Maybe if more cyclists wore helmets, regulatory authorities would be more receptive to arguments about increasing e-cycle power???
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Post by rhills » Thu, 25 Aug 2011, 21:24

Hmmm, hadn't seen Steve's post above when I posted mine. I guess that's one person my arguments won't reach.

I should say that I have a medical background and I've seen the smashed up bodies in ED and the months and months of rehabilitation afterwards. While the victim suffers physically and emotionally, s/he doesn't wear the direct financial cost of all this, it is borne by payers of taxes and insurance premiums. All though I'm a great believer in reducing nanny-state-ism wherever possible, if the community pays for something, I believe it has a right to impose restrictions to reduce the cost.

That said, a cynical view WRT helmets for motor cycle riders goes like this: because of the much higher speeds involved, a helmetless rider who is involved in an accident is more likely to be killed outright and that would be cheaper for society than if they're seriously injured.

So, a cynical regulator might simultaneously increase the electric power limits on pushbikes and remove the requirement for helmets on the basis that the combined change might reduce the cost to society!
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Post by woody » Thu, 25 Aug 2011, 22:28

Seriously, what's the difference between a (big) e-bike and a (small) electric motorbike?

1. Rego
2. Greenslip / 3rd party insurance
3. Head, tail, brake lights + indicators
4. Horn
5. Type of Helmet
6. Leather vs Lycra
7. ?
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Post by electriker » Fri, 26 Aug 2011, 05:20

steve wrote:
Below is a table to give people some idea of the power required to go up a hill on an E-Bike.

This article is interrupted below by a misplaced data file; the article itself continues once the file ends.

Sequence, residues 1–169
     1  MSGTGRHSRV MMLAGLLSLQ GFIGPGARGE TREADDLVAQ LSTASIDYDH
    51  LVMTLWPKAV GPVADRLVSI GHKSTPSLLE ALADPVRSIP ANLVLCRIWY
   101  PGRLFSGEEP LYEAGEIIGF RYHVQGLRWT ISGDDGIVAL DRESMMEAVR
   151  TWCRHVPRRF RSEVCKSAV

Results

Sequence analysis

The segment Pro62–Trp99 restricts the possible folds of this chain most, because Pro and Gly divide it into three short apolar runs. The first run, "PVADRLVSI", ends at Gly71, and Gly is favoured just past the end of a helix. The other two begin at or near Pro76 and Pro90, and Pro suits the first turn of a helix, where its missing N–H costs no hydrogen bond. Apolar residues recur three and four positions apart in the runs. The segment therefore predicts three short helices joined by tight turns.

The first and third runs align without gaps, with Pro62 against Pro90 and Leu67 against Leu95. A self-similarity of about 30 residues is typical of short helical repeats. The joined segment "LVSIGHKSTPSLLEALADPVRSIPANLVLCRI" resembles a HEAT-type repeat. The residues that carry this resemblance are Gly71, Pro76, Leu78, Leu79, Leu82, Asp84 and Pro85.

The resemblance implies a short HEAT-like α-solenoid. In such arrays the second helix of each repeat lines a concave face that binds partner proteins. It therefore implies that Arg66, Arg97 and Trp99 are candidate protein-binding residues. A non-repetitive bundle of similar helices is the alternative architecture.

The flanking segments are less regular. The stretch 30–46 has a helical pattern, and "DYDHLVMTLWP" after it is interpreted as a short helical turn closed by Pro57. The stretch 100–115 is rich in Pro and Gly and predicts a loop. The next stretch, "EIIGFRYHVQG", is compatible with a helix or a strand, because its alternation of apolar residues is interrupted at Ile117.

This example uses a combined weight of person + bike + luggage totaling 100Kg.
I choose a speed equal to a fast walk of around 7 Kmph in order to maintain stability of the rider.
I do not account for any losses this is a very best case scenario one could ever expect.

slight incline_ 1:.05 slope at 7.21Kmph power needed 98watts.
mild incline __ 1:.1 slope at 7.24Kmph power needed 196watts.
steep incline _ 1:.15 slope at 7.28Kmph power needed 294watts.
very steep ____ 1:.2 slope at 7.34Kmph power needed 392watts.
extreme incline 1:.25 slope at 7.42Kmph power needed 490watts.
staircase maybe 1:.3 slope at 7.52Kmph power needed 588watts.


What are those slopes in terms of percentage? I can't seem to get anything useful from those figures.

Are those power figures SOLELY the motor, or a combination of motor and rider pedaling?

Joe
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Post by steve » Tue, 20 Sep 2011, 06:55

The slopes are given as an incline ratio. For example 1:.1 would be a slope which rises .1M for each 1M traveled horizontally.
In terms of % a 1:.05 is a 5% slope   a 1:.2 slope is 20% slope.

An approximate conversion to degrees is %slope ~= Degrees
i.e. 1:.05 is around 5 degrees.
i.e. 1:.25 is around 25 degrees.
Better still use atan( of the rise per meter ).

Power Figures are the total power - obviously if the rider pedals they will contribute to that. i.e. a 250watts from the motor + 240watts peddling is a total 490watts - thats enough to get you up an extreme incline at 7.43Kmph.

Don't forget that electric motors are incapable of producing their full power at low speeds i.e. a motor with a peak power of 200 watts may only be able to produce 50 watts at very low RPM.

Thus our 200watt hub motor;s may only provide 50Watts when traveling up a steep incline which is useless.
A 750watts motor provides greater torque thus greater speed so it may output say 250 watts under similar conditions.

On the flat even 200 watts could in theory allow you to reach quite high speeds , however e-bikes generally have a speed cutout at either 25Kmph or 32Kmph depending on the country so a more powerful 750 watts motor is equally as safe as a 200watts motor as they will both cut out at the same speed.